Skipping a few months off your work is no longer enough to prevent MS. In fact, the multiple sclerosis knowledge worsens as workers spend more time at home. This is more of a concern for people entering the workforce in 2022, who will have their first exposure to this issue. The New York Times reports that work-related MS has increased 45-fold during the pandemic. MS looks more like a highly destructive disease of the central nervous system which affects the eye, muscles, joints or face, and often not visibly or audibly.

Besides genetics, a person’s environment and exposure to allergens or toxins can increase the risk of developing MS. Research was conducted by British researchers into the occupation and risk factors of individuals with MS. The study found that the almost non-existent risk of workers with MS was explained by genes and particularly by a shortened work life span. Another study found that some employees were more likely to develop symptoms of the disease as they age.

Any exposure to allergens, such as those from mould, can trigger an allergic reaction which leads to inflammation of the airways. If this triggers an immune response in the body, the immune system invades the body as part of the body’s “fight or flight” response.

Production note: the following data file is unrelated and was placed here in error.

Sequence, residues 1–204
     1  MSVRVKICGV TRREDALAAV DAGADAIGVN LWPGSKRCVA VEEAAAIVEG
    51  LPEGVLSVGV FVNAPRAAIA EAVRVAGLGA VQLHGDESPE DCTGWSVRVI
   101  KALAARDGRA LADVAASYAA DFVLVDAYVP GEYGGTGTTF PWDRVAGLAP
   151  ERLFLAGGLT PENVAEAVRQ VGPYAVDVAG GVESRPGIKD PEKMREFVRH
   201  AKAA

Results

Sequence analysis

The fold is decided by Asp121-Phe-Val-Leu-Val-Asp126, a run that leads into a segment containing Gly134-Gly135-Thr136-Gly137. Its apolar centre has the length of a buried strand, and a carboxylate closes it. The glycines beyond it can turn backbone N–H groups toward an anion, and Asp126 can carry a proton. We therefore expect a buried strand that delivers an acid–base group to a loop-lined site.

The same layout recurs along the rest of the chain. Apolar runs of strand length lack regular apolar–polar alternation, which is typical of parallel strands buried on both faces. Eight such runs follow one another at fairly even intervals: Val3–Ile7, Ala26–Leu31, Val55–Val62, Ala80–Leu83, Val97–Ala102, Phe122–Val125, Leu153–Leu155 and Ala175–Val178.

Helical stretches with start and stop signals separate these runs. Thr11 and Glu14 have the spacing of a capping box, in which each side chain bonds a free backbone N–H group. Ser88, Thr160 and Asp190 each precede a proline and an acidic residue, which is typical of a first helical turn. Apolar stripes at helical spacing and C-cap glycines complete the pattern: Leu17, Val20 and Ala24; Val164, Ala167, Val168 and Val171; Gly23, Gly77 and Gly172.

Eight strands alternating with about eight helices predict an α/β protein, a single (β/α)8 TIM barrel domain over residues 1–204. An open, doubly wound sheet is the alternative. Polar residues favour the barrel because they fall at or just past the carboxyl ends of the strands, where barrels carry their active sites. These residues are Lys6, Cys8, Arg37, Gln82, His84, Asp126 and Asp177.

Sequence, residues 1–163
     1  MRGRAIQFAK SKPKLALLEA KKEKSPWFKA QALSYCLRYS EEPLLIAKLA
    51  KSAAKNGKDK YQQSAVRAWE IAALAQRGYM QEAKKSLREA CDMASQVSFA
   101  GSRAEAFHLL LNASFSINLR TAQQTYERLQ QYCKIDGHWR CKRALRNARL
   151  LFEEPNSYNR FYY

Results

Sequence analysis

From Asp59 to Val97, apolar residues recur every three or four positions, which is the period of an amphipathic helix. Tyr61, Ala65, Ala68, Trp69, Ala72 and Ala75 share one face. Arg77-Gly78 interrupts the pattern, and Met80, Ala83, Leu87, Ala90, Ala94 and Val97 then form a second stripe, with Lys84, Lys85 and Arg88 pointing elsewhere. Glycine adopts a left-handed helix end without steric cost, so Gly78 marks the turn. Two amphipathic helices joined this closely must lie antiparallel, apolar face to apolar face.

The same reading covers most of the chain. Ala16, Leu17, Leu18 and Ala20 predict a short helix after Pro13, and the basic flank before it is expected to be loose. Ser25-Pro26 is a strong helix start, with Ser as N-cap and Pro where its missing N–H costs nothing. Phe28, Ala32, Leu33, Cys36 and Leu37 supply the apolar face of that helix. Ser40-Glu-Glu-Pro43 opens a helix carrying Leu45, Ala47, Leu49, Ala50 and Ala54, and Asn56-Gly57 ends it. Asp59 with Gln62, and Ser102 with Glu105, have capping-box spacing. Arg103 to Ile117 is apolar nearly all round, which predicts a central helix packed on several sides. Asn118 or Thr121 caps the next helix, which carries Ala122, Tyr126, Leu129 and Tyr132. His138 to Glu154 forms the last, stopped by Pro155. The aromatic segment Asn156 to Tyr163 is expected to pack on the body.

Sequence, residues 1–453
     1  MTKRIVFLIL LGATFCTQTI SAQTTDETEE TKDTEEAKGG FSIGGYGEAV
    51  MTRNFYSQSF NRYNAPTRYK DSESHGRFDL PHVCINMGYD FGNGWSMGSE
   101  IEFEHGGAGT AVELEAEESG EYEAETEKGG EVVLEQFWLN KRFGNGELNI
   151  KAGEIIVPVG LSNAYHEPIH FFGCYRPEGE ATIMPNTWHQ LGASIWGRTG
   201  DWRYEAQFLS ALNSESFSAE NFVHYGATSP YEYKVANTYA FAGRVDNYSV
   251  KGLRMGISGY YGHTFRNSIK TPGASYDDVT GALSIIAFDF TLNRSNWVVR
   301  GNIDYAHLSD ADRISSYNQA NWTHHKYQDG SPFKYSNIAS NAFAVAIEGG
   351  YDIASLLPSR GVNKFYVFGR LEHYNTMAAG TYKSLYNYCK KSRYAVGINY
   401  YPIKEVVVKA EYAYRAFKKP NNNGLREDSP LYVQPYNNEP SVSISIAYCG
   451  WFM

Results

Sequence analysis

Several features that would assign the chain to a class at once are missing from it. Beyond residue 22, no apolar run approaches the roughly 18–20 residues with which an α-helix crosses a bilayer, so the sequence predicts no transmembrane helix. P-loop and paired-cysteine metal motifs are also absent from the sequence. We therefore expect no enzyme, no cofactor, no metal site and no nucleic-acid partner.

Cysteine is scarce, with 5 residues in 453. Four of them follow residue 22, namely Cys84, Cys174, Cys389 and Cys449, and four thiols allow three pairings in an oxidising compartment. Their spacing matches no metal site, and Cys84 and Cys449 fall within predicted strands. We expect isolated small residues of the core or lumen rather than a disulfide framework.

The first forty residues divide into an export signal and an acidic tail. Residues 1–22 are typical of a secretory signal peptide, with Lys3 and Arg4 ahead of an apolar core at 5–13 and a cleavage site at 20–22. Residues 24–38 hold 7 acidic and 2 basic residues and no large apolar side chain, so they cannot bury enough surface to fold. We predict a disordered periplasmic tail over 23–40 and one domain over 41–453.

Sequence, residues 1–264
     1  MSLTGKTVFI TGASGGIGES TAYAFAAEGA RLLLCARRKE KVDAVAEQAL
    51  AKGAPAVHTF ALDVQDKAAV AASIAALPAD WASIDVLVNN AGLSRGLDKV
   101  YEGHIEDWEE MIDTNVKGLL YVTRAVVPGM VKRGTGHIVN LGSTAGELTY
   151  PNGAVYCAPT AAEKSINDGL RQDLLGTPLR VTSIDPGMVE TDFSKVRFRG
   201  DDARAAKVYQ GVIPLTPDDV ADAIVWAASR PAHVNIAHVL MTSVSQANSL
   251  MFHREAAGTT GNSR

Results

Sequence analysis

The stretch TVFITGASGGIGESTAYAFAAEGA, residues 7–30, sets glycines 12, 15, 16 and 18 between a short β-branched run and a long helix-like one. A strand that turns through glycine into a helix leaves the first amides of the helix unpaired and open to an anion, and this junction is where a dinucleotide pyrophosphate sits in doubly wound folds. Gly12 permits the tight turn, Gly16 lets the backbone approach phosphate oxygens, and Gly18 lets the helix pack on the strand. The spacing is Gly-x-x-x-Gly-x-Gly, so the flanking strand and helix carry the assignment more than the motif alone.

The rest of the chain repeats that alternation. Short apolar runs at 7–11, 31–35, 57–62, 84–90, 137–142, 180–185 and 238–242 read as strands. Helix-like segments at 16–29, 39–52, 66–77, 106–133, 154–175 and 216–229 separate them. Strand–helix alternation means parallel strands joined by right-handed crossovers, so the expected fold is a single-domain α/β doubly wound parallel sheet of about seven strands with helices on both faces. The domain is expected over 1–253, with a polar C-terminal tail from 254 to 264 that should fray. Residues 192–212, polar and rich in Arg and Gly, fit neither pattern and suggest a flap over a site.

Fatigue is another common symptom of multiple sclerosis. Workers are often exposed to a constant drive to walk or run which can overwhelm a person’s body over time, especially when the physical demands continue after the initial attack. Workers who experience prolonged symptoms often report feeling frazzled, tired or irritable.

A study by Houston Methodist Hospital reports that sleep quality among people with relapsing-remitting MS was measured with the Multiple Sclerosis Impactful Sleep Questionnaire-Revised. The results show that overall sleep quality was poor among these individuals.

Related Posts

Brain Inflammation of Multiple Sclerosis
How to Maintain Balance and Coordination When You Have MS
How To Tell If You’re In The Final Stages Of MS

Multiple Sclerosis Knowledge What do you know?

Stephen Walker is a blogger who has been living with Multiple Sclerosis or MS since 1994. He devotes a lot of time to researching this dreadful autoimmune disease, looking for answers and possible treatments.